When the village is no more, how do you raise the child? 
Impacted by drought, bushfire and the restrictions of COVID-19, many rural communities are fighting for their existence.

As agricultural and tourism businesses go under, local supply businesses fail and families fracture under the strain of hard work, mounting losses, and isolation, financial and emotional reinvestment in each community slows and then stops. And when this happens, urgent and significant action is needed to ensure the village survives, and to ensure the village can raise its children for the brighter tomorrow that should be their right. 

The social and emotional fall-out for children in bushfire-impacted communities of NSW requires a multi-faceted approach to rebuilding the village, providing not just direct support for children, but also supporting the adults around them to ensure the emotional ‘village’ is rebuilt, alongside the more obvious physical infrastructure. It is not a task Royal Far West could take on alone, so we are taking a ‘village’ approach to the solution and have partnered with UNICEF Australia and HP to deliver the multi-layered support that is needed 

UNICEF Australia’s incredibly generous financial support was made possible from a $1.2 million donation from Carnival Corporation Chairman, Micky Arison, through his family foundation. In addition, our amazing technology partner HP pledged $250,000 worth of essential technology, including laptops, monitors and printers, to help students and schools affected by the NSW bushfires to get back on their feet.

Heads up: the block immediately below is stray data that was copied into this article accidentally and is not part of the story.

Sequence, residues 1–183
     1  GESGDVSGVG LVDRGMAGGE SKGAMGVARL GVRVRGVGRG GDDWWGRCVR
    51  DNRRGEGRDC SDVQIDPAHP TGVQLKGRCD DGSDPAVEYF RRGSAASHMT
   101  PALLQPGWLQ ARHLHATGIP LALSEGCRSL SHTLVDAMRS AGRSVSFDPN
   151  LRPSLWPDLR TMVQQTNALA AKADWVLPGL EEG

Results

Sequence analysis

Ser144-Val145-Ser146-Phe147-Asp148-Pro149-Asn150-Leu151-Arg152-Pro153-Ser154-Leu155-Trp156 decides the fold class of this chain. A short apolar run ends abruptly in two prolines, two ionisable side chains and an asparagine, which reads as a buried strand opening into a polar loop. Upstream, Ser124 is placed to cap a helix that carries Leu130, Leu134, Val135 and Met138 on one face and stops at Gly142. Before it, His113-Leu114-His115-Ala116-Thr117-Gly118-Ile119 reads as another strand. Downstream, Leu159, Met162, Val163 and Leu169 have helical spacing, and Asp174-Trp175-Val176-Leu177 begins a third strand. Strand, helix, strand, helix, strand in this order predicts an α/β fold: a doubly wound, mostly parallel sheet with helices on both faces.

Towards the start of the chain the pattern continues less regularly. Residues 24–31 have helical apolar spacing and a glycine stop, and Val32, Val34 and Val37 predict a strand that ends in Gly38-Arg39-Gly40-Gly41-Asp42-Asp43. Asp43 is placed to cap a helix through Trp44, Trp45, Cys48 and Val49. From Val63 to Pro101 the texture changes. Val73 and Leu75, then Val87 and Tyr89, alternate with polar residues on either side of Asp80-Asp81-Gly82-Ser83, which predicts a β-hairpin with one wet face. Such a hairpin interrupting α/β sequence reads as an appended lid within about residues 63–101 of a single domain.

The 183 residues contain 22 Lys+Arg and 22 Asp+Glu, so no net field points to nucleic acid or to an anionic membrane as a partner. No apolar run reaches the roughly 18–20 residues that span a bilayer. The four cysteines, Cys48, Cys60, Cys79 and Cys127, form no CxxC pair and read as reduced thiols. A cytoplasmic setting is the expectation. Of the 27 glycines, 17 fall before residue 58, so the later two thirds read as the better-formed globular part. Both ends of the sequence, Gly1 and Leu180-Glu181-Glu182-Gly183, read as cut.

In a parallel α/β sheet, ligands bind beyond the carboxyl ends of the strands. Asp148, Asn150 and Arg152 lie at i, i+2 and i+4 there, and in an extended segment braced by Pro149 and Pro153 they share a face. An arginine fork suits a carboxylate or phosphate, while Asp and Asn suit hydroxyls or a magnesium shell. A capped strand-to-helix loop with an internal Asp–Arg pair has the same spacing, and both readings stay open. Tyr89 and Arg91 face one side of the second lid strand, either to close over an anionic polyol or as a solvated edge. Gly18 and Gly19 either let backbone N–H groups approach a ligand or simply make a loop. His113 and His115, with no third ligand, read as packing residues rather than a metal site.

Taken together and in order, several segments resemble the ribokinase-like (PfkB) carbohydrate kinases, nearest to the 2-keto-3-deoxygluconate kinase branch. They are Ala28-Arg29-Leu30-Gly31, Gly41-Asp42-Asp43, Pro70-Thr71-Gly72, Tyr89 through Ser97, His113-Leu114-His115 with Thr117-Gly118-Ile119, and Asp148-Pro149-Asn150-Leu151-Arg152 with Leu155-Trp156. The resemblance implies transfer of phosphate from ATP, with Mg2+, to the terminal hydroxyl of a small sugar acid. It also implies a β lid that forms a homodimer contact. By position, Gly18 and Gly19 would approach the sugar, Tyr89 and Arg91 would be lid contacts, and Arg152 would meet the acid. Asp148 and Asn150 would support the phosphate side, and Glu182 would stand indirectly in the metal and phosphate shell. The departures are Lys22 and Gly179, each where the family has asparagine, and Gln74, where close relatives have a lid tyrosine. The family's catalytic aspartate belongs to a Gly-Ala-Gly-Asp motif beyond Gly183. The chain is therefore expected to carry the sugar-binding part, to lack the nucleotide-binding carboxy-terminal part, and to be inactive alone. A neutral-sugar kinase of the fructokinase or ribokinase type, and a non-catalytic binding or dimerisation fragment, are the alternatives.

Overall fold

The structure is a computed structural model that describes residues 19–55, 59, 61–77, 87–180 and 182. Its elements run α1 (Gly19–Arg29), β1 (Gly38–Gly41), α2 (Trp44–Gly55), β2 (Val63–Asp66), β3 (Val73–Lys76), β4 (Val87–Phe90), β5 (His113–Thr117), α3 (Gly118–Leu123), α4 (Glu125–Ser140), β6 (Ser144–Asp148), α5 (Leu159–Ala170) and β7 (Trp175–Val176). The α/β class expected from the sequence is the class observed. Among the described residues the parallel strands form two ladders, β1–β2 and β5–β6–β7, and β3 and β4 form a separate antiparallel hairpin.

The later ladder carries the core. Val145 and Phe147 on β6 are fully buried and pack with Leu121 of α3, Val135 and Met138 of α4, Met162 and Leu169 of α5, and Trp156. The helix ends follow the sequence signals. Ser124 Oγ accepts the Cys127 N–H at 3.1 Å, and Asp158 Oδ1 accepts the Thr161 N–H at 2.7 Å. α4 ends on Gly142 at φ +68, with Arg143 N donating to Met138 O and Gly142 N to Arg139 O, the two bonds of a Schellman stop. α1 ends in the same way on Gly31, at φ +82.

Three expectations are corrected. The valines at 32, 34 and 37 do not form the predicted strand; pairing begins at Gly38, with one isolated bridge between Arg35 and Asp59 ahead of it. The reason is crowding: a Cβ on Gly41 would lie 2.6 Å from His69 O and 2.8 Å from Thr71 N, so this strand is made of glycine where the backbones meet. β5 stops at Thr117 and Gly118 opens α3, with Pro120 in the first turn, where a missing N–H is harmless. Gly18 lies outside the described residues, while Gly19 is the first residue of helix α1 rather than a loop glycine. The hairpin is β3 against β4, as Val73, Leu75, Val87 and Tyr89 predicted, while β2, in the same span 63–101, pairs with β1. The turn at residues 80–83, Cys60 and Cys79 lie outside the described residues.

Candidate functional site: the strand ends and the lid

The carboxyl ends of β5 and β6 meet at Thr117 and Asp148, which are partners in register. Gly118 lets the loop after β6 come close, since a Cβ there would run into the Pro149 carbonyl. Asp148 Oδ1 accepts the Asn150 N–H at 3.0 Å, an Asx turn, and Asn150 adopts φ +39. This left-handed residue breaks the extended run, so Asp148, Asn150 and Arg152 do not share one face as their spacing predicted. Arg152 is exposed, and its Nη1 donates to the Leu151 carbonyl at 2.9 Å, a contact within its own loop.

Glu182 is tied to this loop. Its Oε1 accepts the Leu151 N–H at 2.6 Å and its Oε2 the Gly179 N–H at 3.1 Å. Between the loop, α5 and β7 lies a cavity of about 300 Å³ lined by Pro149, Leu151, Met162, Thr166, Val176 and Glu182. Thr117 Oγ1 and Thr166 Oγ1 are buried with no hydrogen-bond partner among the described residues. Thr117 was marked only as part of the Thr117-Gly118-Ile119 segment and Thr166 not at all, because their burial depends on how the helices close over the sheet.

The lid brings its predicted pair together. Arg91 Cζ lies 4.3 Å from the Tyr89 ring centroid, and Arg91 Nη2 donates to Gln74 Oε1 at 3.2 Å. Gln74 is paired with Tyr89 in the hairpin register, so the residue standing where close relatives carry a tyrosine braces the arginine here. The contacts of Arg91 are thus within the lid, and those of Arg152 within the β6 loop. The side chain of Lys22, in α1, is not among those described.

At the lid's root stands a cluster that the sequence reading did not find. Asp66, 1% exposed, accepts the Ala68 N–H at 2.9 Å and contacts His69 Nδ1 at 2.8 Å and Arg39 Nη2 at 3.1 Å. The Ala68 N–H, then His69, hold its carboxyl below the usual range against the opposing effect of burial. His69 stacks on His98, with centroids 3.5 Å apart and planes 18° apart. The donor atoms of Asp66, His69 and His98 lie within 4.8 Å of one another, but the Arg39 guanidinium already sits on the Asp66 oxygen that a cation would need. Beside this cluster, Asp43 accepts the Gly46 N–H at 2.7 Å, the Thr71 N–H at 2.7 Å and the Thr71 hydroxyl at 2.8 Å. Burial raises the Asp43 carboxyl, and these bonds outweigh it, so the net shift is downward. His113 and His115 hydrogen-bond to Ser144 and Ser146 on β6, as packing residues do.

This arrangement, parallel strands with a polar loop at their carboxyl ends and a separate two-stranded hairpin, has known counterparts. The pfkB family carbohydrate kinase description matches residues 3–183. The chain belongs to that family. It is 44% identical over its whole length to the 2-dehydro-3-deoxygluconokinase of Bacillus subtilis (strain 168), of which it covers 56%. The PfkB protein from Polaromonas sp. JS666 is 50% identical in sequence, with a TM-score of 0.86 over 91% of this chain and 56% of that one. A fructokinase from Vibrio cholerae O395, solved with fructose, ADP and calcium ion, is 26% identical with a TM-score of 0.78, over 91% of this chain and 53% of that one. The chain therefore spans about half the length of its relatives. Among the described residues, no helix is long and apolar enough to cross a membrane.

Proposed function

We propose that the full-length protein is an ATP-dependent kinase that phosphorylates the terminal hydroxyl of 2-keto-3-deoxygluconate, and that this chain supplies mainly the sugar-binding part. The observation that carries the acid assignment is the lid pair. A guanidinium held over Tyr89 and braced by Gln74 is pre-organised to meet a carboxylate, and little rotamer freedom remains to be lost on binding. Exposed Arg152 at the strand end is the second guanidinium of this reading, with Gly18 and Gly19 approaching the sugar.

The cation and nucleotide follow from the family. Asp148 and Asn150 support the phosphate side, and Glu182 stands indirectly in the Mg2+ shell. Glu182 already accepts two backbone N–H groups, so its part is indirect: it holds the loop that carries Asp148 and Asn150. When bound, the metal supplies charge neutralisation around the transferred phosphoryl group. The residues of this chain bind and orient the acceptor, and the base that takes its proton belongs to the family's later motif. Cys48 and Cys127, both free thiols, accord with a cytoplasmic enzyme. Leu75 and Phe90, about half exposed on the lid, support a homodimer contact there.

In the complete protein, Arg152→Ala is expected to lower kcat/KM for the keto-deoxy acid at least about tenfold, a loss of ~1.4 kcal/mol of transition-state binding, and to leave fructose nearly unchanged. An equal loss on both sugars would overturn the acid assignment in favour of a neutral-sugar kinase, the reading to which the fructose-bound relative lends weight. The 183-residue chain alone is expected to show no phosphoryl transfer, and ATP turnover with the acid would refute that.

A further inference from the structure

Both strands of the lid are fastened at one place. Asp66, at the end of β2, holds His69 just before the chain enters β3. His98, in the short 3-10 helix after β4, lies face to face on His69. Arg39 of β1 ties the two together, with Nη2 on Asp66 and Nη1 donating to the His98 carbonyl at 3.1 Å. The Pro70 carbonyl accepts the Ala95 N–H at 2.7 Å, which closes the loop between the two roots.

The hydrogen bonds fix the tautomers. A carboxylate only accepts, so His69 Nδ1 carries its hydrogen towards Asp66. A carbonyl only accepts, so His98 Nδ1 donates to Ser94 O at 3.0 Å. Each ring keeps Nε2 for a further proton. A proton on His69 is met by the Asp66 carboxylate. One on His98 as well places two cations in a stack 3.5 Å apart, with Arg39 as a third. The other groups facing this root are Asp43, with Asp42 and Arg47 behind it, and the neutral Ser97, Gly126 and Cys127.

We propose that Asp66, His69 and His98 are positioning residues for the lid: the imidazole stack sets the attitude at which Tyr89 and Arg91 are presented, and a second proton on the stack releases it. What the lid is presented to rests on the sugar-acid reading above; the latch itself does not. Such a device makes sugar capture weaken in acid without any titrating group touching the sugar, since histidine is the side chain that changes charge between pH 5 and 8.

This program of work is tremendously significant and important to us’, said Tony Stuart, CEO of UNICEF Australia. These compounded disasters have placed enormous pressure on children and young people in bushfire-affected areas, and this work will enable meaningful assistance which will not only help support them through this extremely difficult time, but their families and communities as well. 

Over the next 18 months, Royal Far West’s mental health and psychosocial support will be provided across eight regions and covering 25 communities. The program will include group sessions to more than 500 children, and individualised child therapy to at least 50 children. It will help equip them with coping skills, problem solving, and decision-making, as well as knowledge to understand and manage the changes they experience as the result of a natural disaster.  

The program will also entail support, education and training for 1,600 parents, carers, educators, health professionals and community members to support them in building the resilience of their children. In-community visits will take place when it is safe to do so. The services will be delivered by a team of our highly trained clinicians who have deep expertise across the areas of trauma, family support, professional development, upskilling, community engagement and telehealth. 

Research into the impact of bushfire suggests that at 26 months, 30 per cent of children experience significant post fire distress. Such an experience can have a devastating long-term impact on a child’s emotional wellbeing, especially if they are not provided with the right support to process what they’ve been through in the days, weeks and months following a disaster.  

Our CEO Lindsay Cane AM said, ‘The COVID-19 crisis has accelerated our transition from face-to-face to virtual therapy services. We have put together a highly skilled, dedicated team to lead this work. Together with our partners, UNICEF Australia and HP, we are here for the long haul to stand with these communities as they rebuild their resilience and hope’. 

Read More:

Transitioning our services throughout COVID-19

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CEO Lunch Event goes virtual

Cumulative effects of drought show sustained hardship


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